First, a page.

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"Charming Betsy" not so charming towards defendant Silva

[TamilNet, Monday, 14 November 2011 08:54 No Comment]

November 17th is D-day to the costly defense marshaled by alleged war-criminal ex-General Shavendra Silva. He must submit a reply to plaintiffs’ brief filed on the 8th during the pre-trial motion phase of the civil case initiated by two Tamil plaintiffs in the Southern District Court of New York. Facing a strong legal response by the plaintiffs’ attorney, Ali Beydoun, to establish personal jurisdiction for the court to hear the case, including arguments against claimed immunity, and alternate arguments based on an exception to immunity under international laws when egregious crimes are committed, defense attorneys have a formidable legal task ahead to convince the Judge to dismiss the case, informed legal sources said. Plaintiffs have used in the jurisdictional argument, "Charming Betsy," a case that provides binding precedent to the interpretation of international law.

Symbol-of-JusticeFront "The irony of asserting diplomatic immunity in war crime-based civil litigation against Silva, a UN official, illuminates the flagrant disparity between the international community’s (IC’s) rhetorical pledges to uphold fundamental human rights, and the reality of the IC’s reluctance to enforce these rights when the IC perceives that upholding these rights will contravene geopolitical considerations," a spokesperson for US-based activist group, Tamils Against Genocide (TAG) said.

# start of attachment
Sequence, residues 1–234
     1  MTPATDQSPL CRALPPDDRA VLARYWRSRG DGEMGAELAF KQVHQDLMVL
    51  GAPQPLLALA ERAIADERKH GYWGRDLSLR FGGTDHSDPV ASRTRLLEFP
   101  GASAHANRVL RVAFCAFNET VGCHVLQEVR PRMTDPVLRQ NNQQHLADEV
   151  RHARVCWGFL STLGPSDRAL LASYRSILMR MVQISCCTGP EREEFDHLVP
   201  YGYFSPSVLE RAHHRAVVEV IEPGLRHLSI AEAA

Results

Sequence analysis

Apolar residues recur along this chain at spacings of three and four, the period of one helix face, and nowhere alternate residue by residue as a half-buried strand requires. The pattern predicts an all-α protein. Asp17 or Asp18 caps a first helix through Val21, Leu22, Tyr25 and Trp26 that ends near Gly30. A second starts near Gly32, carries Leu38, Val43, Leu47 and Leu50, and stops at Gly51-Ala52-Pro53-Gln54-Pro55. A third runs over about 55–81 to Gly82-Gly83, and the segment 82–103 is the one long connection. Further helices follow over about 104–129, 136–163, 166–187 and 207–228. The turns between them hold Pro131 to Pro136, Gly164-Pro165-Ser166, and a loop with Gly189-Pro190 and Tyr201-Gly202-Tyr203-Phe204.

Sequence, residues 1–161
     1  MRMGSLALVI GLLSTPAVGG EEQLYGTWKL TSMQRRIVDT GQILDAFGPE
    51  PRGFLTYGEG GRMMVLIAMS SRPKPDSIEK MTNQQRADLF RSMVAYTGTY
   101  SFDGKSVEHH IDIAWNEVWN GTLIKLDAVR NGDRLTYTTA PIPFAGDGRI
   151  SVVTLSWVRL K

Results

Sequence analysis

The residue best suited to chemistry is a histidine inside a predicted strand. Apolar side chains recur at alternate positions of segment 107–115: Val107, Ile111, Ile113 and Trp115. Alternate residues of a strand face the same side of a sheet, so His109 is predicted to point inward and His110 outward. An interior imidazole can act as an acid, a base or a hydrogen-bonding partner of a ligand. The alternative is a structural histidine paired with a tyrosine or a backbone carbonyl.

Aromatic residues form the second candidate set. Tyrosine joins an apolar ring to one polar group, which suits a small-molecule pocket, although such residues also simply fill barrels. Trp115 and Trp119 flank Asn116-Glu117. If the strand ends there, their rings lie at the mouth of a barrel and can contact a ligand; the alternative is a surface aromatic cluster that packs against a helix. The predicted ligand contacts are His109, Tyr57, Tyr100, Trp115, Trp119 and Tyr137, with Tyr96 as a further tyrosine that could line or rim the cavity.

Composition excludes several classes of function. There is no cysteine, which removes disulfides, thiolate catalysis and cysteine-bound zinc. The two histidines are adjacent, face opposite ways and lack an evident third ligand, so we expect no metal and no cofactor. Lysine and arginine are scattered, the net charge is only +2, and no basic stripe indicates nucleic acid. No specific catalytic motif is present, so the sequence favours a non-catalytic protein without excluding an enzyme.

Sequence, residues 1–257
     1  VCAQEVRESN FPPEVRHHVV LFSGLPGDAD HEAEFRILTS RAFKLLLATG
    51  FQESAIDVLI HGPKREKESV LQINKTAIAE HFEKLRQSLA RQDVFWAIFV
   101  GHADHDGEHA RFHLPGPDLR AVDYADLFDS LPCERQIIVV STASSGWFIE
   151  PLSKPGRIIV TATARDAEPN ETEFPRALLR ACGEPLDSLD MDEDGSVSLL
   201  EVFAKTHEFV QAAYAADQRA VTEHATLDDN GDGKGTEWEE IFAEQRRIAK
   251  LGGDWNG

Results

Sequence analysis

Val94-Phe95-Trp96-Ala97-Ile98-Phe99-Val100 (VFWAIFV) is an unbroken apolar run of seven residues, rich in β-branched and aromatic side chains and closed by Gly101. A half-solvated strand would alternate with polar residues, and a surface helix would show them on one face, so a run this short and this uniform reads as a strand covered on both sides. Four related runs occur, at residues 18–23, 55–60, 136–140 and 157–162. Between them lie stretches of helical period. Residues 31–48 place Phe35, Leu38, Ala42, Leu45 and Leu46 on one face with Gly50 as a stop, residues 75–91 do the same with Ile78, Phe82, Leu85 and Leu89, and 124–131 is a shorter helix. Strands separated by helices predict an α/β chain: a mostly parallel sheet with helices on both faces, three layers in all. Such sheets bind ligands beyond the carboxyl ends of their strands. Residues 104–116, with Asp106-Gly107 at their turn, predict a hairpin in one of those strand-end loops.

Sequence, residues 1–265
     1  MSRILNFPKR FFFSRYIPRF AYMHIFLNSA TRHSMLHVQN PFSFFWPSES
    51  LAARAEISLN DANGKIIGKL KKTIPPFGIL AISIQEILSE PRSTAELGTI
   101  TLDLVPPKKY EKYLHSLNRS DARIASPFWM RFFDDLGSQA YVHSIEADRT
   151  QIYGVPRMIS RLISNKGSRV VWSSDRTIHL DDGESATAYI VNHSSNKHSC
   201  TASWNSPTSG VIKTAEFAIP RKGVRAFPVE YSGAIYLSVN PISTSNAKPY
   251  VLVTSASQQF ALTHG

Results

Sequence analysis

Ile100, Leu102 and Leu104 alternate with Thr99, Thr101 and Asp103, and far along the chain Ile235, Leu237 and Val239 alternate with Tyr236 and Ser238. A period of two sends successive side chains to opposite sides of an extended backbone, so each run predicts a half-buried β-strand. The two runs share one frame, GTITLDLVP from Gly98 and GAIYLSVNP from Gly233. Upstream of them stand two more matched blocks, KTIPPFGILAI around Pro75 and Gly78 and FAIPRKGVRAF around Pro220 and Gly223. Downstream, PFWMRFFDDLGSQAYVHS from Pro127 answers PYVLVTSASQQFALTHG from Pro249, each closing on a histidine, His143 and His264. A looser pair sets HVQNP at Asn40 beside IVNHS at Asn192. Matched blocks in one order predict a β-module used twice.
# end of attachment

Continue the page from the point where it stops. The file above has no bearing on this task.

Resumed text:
"Notwithstanding the outcome, these advances in the stages of civil procedure against Silva in a US court is the first instance in post-independence Sri Lankan history of a Sri Lankan Army official being held accountable in front of a neutral magistrate for atrocity crimes targeting Tamils. As this case suggests, what appears increasingly certain two years into Mu’l'livaaikaal’s aftermath, is that justice for Tamils will be enforced from outside Sri Lanka, and not within," the TAG spokesperson added.

In this case, which references domestic and international treaties and laws, the court and attorneys will be diligent in carefully interweaving but not mixing the following two issues in the legal analysis:

  • jus cogens law (accepted by the international community of states as a norm from which no derogation is permissible, and includes the prohibition of genocide, torture, crimes against humanity, and war crimes) applies to U.S. courts and presides over the hierarchy of legal norms in that space.

  • interpreting domestic and international laws within American jurisdiction requires recognition of the enacting history and of evolving legal standards. Past cases provide binding or persuasive precedent to some of the ‘conflicts’ in sources of law.

pdf: Shavendra’s Motion to Dismiss

pdf: Opposing motion to defendants motion to dismiss

Within this broad legal framework, plaintiffs’ brief outlines arguments that defendant Silva cannot claim absolute immunity, and therefore the court possesses jurisdiction, as follows: